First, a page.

Maine's Joint Judiciary Committee had their work session on LD 236 "An Act To Protect the Privacy of Citizens from Domestic Unmanned Aerial Vehicle Use" yesterday in our capital city of Augusta. After a long debate between the A ttorney General and the ACLU the assembled committee members voted unanimously to kick the drone bill can down the road - they decided to postpone any decision for another two weeks.
The session began an hour late so four of us stood outside the hearing room and held signs opposing drones. In another hearing room next door a packed crowd was debating the merits of gun control and many Tea Party members were there. They were very interested in our anti-drone signs and we found most agreed with our concerns about drone surveillance without warrants.
One of the gun-rights supporters showed us a bumper sticker that had a drone on it and the words "Protect our 2nd amendment rights to shoot down drones." It was heartening to have discussions with these Tea Party folks about an issue that we could agree on and felt good to have a civil exchange for once. In that moment we could see each other's humanity and agree that the power structure often keeps us divided against one another. So it was good to hear they were thinking along those lines like we are. I intend to follow up with some of their leaders to see if we can work together on the drone bill.
Once the hearing began it was clear that Maine's Attorney General (AG) Janet Mills (former V-P of Maine Democratic Party) was hardly in a mood to negotiate with the ACLU over the fundamental question: Should law enforcement in Maine be required to have a warrant before they can use a drone for surveillance of citizens?
AG Mills made the following case:
- We have a serious disagreement with the ACLU on several points
- It's a burden on law enforcement to get warrants - you can't always find a judge to authorize them
- The bill contains too many cumbersome procedures for law enforcement
- The ACLU bill weighs the scales against law enforcement
Instead AG Mills proposed a temporary moratorium until July 1, 2014 to allow a consortium of law enforcement agencies to come up with " minimum standards" that would include prior authorization by "some official" before drones could be used for surveillance. She didn't specify who the official should be - hopefully someone that is not too difficult to reach on weekends like those hidden judges.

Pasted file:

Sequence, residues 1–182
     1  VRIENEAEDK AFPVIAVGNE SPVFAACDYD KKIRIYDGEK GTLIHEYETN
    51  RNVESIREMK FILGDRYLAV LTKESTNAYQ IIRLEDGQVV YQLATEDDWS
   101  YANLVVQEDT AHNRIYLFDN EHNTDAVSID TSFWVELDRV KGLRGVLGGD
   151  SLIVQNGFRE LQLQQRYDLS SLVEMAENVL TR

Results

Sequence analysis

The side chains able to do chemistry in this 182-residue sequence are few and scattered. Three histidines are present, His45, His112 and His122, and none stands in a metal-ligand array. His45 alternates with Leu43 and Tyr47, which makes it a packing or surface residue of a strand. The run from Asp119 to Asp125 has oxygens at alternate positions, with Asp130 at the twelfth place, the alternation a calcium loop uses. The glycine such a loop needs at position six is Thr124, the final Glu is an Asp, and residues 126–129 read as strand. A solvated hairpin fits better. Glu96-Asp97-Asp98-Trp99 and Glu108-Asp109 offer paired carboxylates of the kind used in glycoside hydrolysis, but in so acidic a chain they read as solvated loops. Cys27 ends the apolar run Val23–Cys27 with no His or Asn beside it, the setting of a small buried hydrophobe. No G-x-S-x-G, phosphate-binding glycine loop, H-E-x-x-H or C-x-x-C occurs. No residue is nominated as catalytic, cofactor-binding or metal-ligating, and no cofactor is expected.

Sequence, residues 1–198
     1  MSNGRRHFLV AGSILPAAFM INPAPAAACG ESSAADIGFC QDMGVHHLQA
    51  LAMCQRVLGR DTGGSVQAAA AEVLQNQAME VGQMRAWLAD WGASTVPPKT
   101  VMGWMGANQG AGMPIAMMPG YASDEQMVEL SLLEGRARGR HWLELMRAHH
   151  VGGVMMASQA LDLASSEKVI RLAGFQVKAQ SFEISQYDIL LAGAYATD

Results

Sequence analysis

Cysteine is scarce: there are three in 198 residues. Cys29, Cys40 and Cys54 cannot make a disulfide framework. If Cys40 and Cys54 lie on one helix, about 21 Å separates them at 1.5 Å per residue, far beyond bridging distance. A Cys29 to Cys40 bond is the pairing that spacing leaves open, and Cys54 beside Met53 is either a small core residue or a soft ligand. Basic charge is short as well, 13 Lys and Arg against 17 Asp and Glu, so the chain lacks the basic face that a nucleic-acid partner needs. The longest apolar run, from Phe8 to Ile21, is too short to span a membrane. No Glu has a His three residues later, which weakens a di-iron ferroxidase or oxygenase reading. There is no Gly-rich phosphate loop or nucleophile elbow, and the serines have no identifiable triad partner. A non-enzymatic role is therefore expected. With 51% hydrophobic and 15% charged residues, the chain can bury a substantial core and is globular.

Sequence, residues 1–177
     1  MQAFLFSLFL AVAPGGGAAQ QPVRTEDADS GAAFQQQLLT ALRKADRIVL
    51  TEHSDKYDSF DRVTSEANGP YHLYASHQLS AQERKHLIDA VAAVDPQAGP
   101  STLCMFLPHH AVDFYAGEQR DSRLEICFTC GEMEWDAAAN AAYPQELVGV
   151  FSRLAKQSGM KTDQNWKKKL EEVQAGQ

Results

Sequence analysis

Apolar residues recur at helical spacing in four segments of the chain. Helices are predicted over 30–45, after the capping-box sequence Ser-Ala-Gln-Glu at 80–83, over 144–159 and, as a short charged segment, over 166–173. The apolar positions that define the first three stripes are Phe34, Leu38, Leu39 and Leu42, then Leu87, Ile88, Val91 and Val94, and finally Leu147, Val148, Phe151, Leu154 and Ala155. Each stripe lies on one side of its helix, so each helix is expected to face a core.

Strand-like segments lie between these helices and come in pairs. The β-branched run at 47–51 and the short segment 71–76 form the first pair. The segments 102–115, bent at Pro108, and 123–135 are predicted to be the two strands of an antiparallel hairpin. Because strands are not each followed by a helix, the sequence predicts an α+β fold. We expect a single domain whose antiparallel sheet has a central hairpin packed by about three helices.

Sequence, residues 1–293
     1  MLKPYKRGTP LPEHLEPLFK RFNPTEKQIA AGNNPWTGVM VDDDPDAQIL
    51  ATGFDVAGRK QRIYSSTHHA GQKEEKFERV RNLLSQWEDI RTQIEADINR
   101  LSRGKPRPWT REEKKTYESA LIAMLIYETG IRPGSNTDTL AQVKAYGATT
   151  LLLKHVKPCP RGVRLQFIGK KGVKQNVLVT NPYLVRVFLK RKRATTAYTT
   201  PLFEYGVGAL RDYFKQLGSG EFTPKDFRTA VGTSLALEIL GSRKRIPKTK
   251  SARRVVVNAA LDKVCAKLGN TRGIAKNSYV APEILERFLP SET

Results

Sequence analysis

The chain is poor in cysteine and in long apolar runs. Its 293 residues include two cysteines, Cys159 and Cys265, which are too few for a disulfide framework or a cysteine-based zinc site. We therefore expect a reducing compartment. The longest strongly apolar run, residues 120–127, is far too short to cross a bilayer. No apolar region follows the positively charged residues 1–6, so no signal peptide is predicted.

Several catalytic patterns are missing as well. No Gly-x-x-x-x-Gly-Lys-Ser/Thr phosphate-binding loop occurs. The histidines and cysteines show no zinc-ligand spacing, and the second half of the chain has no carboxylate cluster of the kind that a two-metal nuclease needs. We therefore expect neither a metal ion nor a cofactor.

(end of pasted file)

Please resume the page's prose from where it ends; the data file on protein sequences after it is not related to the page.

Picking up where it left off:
Most important for me though was her last point, sort of slipped into the conversation almost as an after thought. But this one had clearly been thought out. AG Mills said that the drone bill should in no way impede the possibility of a drone test center in northern Maine. Bingo!
I am convinced that the leadership of the Democratic Party in Augusta is under intense pressure these days on the drone bill. They are hearing strong support from the grassroots who obviously understand the fundamental importance of protecting our tattered civil liberties against coming unwarranted drone surveillance. But the Democrats, who now control the Maine legislature, but not the governorship, also have their eyes on that big prize. In 2014 the Democrats want to win the governorship again. And they want the support of the police, the growing aerospace industry interests in Maine, the fledgling drone manufacturing folks in our state, and the citizens up north surrounding the now closed Loring AFB who think a drone test center and a missile defense base located there would be a big job creator.
The Democrats understand that the federal government's national jobs policy these days is military production and endless war. They've seen the writing on the wall that declares military projects are the priority of the corporate dominated government we live under. The Democrats think that if they want to win the governorship they have to throw a bone to folks around Loring and to the aerospace industry .
The fact is that 37 states are now in full capitalist-competition for the six drone testing sites around the US that Obama has announced will ultimately bring 30,000 drones into our skies. It will become a bidding war, and sweeteners will have to be thrown at the feet of the Pentagon to entice them to come to a particular community. One such piece of candy could be the promise that the Maine state legislature will not require drone operators to have a warrant before they do surveillance on citizens across our state.
I came away from the Judiciary Committee work session on LD 236 seeing the deadly connection between the bill's key element - protecting our civil liberties - and the proposed drone test base in Maine.
For those wondering if drones will ever come to Maine, the question has been answered. They are here now and we'd better look up before it is too late.